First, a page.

• More difficult to start the siphon than other options

You can buy the hose and racking cane at MoreBeer here.

2. Sterile Siphon Starter

A recent gadget to my arsenal, the sterile siphon starter is a mouthful to say but a handy piece of equipment. It works by fitting the orange cap over the neck of a carboy which forms an airtight seal. You then blow air for a few seconds through the sterile filter. The pressure inside the carboy forces the liquid out through the racking cane and voilà, your siphon is started.

Sterile Siphon Starter

Pros:

  • Easy to use and virtually dummy proof
  • You can adjust the racking cane to any level and it will stay in place without you holding it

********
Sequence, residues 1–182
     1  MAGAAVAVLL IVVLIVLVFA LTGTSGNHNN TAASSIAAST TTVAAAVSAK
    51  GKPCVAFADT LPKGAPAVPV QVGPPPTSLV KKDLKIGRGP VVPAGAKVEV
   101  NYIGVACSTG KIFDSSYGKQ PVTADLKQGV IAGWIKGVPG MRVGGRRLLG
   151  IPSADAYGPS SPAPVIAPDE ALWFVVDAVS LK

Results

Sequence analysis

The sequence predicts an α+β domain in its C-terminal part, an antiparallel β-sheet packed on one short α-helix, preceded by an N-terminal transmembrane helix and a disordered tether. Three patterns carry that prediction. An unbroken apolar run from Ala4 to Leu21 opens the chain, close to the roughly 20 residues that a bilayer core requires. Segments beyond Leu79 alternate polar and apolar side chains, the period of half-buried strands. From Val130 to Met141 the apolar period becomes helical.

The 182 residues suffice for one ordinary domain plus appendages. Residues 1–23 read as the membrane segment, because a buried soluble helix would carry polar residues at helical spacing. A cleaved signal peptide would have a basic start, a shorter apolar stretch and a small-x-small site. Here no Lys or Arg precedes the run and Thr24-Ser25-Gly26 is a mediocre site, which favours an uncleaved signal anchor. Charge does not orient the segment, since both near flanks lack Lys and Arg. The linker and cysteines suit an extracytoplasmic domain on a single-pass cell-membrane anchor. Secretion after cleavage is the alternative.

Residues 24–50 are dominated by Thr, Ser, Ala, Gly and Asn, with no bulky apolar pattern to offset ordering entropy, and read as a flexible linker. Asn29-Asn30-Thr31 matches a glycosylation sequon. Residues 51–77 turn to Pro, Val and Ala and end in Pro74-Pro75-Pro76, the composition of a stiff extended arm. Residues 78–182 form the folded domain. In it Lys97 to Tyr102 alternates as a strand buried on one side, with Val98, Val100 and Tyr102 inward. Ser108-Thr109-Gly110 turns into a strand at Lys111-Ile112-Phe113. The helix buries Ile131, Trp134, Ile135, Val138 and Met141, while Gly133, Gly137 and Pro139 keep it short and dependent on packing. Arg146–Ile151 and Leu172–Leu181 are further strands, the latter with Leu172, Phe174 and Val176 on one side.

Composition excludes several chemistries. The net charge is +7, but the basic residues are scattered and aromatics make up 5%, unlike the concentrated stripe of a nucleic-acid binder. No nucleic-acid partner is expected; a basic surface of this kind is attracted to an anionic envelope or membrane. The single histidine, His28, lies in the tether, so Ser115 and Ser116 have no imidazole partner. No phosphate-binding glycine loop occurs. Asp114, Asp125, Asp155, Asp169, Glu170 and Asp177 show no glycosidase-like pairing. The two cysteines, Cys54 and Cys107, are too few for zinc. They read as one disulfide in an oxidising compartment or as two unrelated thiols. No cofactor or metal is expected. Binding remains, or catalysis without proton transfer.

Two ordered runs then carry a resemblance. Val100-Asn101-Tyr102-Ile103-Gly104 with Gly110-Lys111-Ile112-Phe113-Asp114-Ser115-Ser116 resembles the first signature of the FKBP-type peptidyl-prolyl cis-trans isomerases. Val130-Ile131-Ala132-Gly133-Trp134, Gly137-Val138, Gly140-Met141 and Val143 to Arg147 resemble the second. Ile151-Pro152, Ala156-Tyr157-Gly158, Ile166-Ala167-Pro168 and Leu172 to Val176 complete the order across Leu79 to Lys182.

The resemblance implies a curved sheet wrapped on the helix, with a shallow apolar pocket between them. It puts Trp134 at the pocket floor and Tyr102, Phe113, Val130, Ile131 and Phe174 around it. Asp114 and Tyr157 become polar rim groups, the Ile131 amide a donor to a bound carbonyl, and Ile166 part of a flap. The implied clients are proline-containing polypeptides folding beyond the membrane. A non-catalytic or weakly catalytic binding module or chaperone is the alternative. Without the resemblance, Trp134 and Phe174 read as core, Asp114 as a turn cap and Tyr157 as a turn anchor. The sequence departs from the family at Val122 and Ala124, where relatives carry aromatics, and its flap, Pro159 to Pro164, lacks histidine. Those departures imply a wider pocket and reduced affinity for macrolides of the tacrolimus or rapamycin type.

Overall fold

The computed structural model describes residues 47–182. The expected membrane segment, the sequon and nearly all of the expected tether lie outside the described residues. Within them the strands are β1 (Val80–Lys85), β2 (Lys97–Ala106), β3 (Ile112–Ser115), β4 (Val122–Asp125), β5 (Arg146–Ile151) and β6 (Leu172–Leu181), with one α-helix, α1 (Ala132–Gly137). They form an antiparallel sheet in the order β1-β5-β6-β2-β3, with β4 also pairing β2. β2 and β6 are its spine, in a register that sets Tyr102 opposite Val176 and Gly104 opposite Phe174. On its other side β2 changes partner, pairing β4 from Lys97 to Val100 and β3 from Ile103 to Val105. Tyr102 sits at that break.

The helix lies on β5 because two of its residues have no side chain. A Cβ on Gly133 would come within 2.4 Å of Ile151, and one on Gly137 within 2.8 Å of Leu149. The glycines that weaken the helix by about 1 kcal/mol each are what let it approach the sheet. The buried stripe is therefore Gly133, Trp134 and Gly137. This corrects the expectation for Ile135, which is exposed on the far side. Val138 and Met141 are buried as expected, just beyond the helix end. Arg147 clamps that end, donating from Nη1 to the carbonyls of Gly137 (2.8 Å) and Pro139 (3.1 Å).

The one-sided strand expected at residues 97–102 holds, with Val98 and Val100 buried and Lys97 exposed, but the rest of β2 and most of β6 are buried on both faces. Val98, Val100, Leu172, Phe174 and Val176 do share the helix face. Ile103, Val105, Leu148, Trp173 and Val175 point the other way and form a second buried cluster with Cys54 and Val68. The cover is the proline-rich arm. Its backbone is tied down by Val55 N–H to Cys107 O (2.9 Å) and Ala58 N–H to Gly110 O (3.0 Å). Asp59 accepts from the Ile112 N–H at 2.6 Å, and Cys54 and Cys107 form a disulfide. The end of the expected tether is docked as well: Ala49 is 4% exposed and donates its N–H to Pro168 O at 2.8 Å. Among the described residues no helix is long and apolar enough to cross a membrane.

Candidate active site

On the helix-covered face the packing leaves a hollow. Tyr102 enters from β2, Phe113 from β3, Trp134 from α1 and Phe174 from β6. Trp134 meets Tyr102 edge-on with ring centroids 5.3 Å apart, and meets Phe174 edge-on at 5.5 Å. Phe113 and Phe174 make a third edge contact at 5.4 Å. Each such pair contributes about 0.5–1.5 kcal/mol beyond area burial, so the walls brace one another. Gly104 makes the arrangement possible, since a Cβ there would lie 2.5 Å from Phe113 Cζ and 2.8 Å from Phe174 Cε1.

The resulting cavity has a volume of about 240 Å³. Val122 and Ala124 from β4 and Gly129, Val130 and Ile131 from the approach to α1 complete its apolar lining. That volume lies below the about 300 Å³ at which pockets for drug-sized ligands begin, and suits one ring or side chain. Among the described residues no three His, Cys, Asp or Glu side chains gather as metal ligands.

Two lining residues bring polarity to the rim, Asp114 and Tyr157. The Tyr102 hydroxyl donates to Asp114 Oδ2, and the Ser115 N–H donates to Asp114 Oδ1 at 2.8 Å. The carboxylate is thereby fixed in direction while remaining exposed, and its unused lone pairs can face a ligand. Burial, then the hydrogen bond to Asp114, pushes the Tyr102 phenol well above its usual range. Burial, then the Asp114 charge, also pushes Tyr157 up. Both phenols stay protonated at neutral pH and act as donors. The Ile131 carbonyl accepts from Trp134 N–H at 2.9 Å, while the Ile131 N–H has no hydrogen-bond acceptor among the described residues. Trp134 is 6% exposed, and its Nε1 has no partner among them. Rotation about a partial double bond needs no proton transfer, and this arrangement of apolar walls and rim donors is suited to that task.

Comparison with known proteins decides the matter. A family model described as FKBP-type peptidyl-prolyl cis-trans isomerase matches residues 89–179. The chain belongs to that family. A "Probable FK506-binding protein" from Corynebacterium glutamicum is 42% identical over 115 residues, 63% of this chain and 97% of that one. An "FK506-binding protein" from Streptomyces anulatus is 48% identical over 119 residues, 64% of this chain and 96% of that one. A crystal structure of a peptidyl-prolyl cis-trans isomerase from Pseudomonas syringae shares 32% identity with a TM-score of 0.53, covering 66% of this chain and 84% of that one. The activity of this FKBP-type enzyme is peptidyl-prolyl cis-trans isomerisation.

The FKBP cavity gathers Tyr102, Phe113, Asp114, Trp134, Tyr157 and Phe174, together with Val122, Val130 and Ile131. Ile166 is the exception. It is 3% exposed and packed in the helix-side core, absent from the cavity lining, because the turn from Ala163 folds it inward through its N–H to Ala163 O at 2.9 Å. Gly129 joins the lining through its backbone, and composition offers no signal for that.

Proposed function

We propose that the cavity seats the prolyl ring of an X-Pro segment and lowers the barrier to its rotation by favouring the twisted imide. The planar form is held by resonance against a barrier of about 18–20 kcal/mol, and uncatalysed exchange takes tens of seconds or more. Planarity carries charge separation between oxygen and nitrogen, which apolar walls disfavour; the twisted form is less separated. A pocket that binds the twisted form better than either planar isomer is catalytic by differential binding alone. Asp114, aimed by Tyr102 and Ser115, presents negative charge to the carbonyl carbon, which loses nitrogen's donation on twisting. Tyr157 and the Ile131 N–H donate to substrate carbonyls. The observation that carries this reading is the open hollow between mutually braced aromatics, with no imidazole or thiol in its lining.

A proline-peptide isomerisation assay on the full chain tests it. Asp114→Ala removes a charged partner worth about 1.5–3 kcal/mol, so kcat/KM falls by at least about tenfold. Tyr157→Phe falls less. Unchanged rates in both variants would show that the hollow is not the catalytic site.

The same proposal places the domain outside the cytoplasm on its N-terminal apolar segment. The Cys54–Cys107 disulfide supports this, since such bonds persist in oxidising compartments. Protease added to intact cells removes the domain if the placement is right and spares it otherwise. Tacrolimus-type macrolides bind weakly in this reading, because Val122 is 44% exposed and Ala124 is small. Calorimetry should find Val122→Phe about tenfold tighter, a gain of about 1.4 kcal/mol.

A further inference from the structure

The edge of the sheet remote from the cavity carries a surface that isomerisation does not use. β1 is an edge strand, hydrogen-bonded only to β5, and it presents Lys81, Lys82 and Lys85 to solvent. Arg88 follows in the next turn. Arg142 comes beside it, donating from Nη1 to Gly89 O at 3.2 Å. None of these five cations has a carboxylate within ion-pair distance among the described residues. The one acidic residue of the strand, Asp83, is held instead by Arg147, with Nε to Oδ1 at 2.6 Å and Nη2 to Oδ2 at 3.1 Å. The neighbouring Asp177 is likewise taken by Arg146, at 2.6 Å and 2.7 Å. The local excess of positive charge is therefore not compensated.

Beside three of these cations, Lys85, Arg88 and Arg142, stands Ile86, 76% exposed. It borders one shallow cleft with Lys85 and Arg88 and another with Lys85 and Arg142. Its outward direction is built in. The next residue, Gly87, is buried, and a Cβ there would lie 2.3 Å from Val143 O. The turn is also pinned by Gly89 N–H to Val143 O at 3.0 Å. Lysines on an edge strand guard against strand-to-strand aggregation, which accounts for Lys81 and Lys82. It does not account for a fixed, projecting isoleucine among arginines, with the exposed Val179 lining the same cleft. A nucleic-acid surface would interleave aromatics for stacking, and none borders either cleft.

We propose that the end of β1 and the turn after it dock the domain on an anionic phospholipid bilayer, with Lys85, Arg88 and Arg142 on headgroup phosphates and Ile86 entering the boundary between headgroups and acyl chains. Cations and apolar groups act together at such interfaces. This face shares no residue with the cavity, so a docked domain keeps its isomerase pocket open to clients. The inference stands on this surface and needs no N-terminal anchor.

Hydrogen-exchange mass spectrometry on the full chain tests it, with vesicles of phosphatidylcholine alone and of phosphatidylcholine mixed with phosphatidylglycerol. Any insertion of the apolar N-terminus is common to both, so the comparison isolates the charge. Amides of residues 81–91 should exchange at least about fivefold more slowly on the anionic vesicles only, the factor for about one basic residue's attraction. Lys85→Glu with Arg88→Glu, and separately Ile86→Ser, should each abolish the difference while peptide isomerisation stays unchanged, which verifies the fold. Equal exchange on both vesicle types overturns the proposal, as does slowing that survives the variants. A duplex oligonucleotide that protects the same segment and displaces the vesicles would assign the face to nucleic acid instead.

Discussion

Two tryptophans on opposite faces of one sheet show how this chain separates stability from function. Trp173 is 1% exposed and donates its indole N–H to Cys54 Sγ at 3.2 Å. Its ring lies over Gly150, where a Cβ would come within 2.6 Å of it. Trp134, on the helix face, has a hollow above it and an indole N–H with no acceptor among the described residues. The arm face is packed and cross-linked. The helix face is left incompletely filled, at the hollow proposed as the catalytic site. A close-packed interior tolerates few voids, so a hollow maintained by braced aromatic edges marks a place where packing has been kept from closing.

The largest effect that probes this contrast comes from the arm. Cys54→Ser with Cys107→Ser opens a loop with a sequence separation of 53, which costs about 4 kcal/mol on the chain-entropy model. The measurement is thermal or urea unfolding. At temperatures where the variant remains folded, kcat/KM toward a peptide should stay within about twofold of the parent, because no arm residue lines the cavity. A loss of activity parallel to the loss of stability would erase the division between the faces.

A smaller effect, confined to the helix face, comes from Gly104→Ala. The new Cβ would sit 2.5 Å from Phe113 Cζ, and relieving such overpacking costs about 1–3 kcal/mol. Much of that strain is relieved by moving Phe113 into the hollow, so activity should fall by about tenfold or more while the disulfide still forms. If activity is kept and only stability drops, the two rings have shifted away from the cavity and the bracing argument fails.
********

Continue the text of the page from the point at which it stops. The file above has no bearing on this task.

Cons:

  • Not one size fits all. There is a size for a 5 and 6 gallon carboy, and another for a 6.5 gallon carboy. If you have multiple sizes, like I do, you will need two attachments.
  • Doesn’t work on buckets or kettles
  • Expensive

You can buy the sterile siphon starter at MoreBeer here.

3. Autosiphon

The autosiphon, aka The Easy Siphon, is my favorite way to transfer beer. As seen in the video, it only takes a quick pump or two to start the siphon. It is also easy to get started when there is not much liquid left in the fermentor.

Pros:

Auto Siphon

  • Easiest way to siphon
  • BONUS FEATURE: The outer container can be used by itself to take beer samples from a fermentor, similar to a wine thief.

Cons:

  • More parts, more to break
  • Expensive and doesn’t include tubing

You can buy the autosiphon at MoreBeer here.

How do you siphon your beer?

Transcript